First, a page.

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South Bend, Feds Agree On New Plan To Improve City Sewers, Decrease Overflow Into St. Joseph River

Jakob Lazzaro / WVPE

South Bend has reached a new agreement with the federal government to improve the city’s sewer system and decrease discharge of raw sewage into the St. Joseph River during heavy rains. The new agreement costs $437 million less and gives the city until 2038 to make improvements.

Back in 2012, the federal government required the city to develop a new plan for its sewer system. During heavy rainstorms, the mixed storm and wastewater system was dumping more than 2 billion gallons of raw sewage a year into the St. Joseph River.


The city has spent about $150 million and cut raw sewage discharge to only 338 million gallons a year. But to fully fix the problem, the 2012 plan required $713 million more in investment by 2031.


Instead, the new plan only costs $276 million and gives the city until 2038. Once completed, the city will capture and treat 99.6 percent of all sewer overflows and virtually eliminate the South Bend sewers as a source for E. Coli bacteria in the river.


Mayor James Mueller said it’s the best of both worlds.


“This is not sacrificing one for the other,” Mueller said.“Our residents will not have to pay as much, but yet will still get the same environmental benefit and a clean St. Joseph River.”


South Bend public works director Eric Horvath said the new plan uses the city’s “smart sewer” system to manage flow and comply with federal and state water quality standards. Over the last decade, the city has collected over 200 million data points on the sewer system thanks to the sensors.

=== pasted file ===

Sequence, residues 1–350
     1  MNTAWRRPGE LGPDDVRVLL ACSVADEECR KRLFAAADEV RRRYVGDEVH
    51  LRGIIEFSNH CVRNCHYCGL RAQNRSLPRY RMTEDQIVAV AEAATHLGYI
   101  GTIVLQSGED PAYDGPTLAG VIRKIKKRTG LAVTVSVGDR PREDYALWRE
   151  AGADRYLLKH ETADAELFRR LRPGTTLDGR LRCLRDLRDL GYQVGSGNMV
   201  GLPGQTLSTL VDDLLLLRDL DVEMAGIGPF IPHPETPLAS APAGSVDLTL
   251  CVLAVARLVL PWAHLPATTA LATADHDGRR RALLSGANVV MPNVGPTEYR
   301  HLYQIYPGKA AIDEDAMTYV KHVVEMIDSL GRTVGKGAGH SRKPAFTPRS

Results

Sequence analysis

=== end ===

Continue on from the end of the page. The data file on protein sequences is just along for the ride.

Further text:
Instead of pouring into the river as it does now during heavy rains, excess wastewater will be diverted by the system into several new storage tanks. Then once the rain has stopped, the wastewater will be sent on to the treatment plant, which is also getting an expansion.


“Before we built this treatment plant in the 50s, all of our sewers went straight to the river for the first 100 years,” Horvath said. “We intercepted that, but you couldn’t handle all the flow from the rain events.”


Horvath said the new plan is also much less disruptive — the old plan required nine storage tanks, including under Leeper and Howard Parks. The new one only needs three.


“We won’t be tearing up the city as much as the previous plan had,” Horvath said.


The plan is being funded by an increase in utility rates, which passed the Common Council earlier this month. The amended federal consent decree will now go through a 30-day public-comment period before final approval.


Contact Jakob at or follow him on Twitter at @JakobLazzaro.

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Jakob Lazzaro came to Indiana from Chicago, where he graduated from Northwestern University in 2020 with a degree in Journalism and a double major in History. Before joining WVPE, he wrote NPR's Source of the Week e-mail newsletter, and previously worked for CalMatters, Pittsburgh's 90.5 WESA and North by Northwestern.